Fit for Duty: The Fitness of Fire Fighting

Fitness Standards in the Fire Service

The fitness standard of the fire service is very high. You have to meet these standards if you want to become a firefighter. There are two types of fitness standards: physical and mental.

Physical fitness means how well your body will perform under various conditions; it includes things like endurance, strength, flexibility, speed, agility and balance. Mental fitness refers to your overall ability to deal with stressors and situations that may arise during your work life.

Firefighters must maintain good health because they are exposed to extreme temperatures, pressure, vibration and other hazards all day long. They often face danger while performing their duties. A firefighter’s job requires them to perform strenuous activities for extended periods of time.

These include fighting fires and rescuing people from burning buildings or vehicles. Some firefighters even use explosives or chemicals during their work. If a firefighter gets injured, he might not only lose his job but also his livelihood and possibly his life.

Physical Fitness Standards

There are three levels of fitness standards in the fire service: basic, advanced and elite. All firefighters must meet at least one level of fitness standard before they can move up to another. The basic standard is the minimum requirement for most jobs in society.

Most people need to be able to do some sort of manual labor, such as working a factory line or doing menial tasks around the house. This level of fitness is also good enough to pass the firefighter job entry standards. The advanced standard is usually required for a police officer (in most places) or even for some specialized jobs in the fire service. The elite standard is currently used by only a few firefighters around the world. This includes members of United States Presidential Security Division, who are often former special forces soldiers and must maintain this standard even after they retire from their military career.

The physical fitness standards of the fire service are in some cases higher than those of law enforcement officers and soldiers. This is because firemen must be ready for strenuous activity at all times, whether there is a fire or not. The job also requires them to wear heavy protective clothing and gear, which adds to the weight they have to carry around.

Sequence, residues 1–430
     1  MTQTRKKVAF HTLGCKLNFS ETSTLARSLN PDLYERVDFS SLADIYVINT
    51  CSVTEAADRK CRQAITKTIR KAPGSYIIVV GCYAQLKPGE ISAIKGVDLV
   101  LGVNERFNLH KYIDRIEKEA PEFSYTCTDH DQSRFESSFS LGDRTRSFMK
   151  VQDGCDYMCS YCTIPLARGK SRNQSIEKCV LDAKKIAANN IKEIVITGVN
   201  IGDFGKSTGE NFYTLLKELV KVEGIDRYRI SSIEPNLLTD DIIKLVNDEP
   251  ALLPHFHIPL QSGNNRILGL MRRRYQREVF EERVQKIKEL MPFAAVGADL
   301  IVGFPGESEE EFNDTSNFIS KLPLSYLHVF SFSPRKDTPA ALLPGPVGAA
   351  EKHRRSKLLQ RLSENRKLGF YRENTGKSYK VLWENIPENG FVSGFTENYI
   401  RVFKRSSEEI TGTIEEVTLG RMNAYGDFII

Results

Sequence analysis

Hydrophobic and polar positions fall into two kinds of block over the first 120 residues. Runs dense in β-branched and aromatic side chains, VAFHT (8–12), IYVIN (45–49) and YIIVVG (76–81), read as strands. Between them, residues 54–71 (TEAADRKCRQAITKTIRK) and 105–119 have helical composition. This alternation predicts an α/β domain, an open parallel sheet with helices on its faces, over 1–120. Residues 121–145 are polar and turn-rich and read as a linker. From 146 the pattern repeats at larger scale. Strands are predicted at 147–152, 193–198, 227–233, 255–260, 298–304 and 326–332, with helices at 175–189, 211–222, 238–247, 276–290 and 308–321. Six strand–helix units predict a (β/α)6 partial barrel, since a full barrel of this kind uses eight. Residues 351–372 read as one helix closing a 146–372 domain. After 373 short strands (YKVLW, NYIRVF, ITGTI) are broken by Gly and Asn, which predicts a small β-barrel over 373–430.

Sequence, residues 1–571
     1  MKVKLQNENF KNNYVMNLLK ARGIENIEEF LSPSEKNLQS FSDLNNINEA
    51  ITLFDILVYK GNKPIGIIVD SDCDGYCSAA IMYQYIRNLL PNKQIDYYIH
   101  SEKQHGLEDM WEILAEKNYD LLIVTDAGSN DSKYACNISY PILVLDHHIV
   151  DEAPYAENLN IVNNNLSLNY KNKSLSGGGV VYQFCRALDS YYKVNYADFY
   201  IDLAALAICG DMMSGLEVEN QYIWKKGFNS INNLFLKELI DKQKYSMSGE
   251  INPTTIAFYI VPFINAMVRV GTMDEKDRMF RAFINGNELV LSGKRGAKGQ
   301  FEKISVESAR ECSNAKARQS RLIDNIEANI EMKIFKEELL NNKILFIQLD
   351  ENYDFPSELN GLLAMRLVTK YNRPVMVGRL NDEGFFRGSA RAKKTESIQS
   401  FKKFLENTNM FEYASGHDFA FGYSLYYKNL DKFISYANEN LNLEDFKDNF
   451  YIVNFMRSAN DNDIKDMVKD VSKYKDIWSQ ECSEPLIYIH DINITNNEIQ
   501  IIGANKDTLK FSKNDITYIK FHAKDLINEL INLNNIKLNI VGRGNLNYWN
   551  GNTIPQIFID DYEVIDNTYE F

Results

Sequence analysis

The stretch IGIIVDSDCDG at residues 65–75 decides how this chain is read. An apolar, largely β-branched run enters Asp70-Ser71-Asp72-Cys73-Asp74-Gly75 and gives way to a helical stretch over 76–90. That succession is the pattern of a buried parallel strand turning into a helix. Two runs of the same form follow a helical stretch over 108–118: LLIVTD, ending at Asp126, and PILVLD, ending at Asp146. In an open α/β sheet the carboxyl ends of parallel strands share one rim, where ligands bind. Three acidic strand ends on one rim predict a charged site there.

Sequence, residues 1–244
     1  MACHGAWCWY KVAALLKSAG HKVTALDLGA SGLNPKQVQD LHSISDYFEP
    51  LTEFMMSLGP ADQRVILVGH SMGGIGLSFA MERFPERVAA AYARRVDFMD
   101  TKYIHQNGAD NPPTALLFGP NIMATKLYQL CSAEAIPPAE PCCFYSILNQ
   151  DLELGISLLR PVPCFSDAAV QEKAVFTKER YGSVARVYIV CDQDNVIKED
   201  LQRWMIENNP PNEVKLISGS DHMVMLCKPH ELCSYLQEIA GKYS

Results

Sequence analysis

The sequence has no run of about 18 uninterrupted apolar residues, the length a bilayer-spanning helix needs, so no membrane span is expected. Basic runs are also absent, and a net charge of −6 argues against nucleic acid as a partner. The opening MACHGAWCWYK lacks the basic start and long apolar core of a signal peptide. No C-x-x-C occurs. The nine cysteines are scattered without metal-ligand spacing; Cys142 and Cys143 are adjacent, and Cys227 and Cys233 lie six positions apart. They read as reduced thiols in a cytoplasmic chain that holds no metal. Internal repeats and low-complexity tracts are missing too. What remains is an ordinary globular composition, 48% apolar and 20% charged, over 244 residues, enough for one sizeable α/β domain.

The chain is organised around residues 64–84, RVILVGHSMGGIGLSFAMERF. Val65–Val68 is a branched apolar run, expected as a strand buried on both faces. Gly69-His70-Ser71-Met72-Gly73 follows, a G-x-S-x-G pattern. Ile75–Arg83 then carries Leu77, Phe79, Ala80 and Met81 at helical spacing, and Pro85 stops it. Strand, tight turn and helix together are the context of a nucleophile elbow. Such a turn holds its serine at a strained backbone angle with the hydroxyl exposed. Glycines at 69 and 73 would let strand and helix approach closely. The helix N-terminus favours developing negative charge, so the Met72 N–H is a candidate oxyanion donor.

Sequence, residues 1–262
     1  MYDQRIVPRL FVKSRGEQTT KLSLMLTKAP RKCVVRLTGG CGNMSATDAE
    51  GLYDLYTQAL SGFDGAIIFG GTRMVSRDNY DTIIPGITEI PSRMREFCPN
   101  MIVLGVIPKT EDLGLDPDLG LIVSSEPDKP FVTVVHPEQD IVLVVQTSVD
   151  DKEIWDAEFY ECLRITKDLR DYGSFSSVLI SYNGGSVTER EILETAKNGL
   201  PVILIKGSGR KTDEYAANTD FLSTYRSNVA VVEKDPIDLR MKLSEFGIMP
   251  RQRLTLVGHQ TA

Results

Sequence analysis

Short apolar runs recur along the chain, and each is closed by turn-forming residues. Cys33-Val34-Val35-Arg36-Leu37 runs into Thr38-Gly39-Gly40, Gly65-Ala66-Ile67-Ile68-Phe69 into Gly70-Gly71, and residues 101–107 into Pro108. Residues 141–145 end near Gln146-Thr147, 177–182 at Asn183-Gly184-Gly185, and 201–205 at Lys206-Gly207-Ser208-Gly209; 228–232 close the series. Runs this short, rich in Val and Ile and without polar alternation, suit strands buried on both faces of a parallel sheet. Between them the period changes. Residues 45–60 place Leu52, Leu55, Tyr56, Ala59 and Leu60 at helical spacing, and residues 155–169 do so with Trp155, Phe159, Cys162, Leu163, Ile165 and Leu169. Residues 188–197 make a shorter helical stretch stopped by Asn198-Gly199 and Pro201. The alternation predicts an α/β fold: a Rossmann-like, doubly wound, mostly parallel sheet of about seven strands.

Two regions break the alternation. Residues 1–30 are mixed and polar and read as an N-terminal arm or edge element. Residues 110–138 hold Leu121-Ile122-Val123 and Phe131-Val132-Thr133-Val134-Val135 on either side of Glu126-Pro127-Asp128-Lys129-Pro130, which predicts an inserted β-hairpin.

All firefighters must be in good physical shape to perform their duties safely and efficiently. This usually means they should have good strength, endurance and overall fitness. Good strength refers to how much force a person can exert; this is usually measured by how much weight he or she can lift.

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Good endurance means how long a person can perform a certain activity before getting tired.

The physical fitness standards of the fire service change depending on where you live. Some fire departments may not even have formal fitness requirements. Others may only require that you do one or two “max” lifts such as the bench press and leg tuck.

These numbers are then compared to others who took the test in your area. To find out what the fitness levels are in your area, contact your local fire department.

General Guidelines

These physical fitness standards are for firefighters who work on ground or in a truck company. They should be able to perform all required duties and not get tired while doing them. If your job requires you to work at heights or use a rappelling device, then you will most likely also have some sort of physical fitness testing to determine if you are able and fit enough to do this.

The standards are split into three categories: endurance, strength and flexibility. The level to which you must perform these are determined by your age and the standards that are set by your fire department.

These exercises are not listed in any particular order. You should cycle through them each time you work out. Do not do the same exercises every time or you will quickly plateau and not gain any further benefits from working out.

Before starting any exercise routine consult your doctor. If you have a history of heart problems, diabetes or other health issues be sure to check if the exercises are safe for you.

Endurance

Running – Run in varying terrains and distances to build up your endurance.

Treadmill – Set the treadmill at a incline and vary the speed to build up endurance as well as strengthen your legs.

Stairs – Climb stairs of varying heights and lengths.

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Strength Training

Push-Ups – One of the best ways to build upper body strength.

Pull-Ups – Another great way to build upper body strength. Vary the grip and type of bar you use.

Dips – Builds strength in your chest, arms and shoulders.

Squats – The king of all leg exercises.

Abdominal Crunches – One of the best ways to build core strength.

Flexibility

Hanging – Use a pull-up bar or something similar to stretch yourself through the torso.

Forward Bend – Stretch out your hamstrings by bending forward while keeping your legs straight. Do not do this with bad form!

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Torso Twist – Stretch out your side and back muscles by twisting at your waist.

Back Bend – Stretch out your chest, shoulder and upper back muscles by reaching up high as if trying to touch the ceiling.

Sources & references used in this article:

Validating ‘fit for duty’tests for Australian volunteer fire fighters suppressing bushfires by C Lord, K Netto, A Petersen, D Nichols, J Drain… – Applied ergonomics, 2012 – Elsevier

Fire fit: assessing comprehensive fitness and injury risk in the fire service by GS Poplin, DJ Roe, JL Burgess, WF Peate… – International archives of …, 2016 – Springer

Physiological aspects of fire fighting by PO Davis, CO Dotson – Fire technology, 1987 – Springer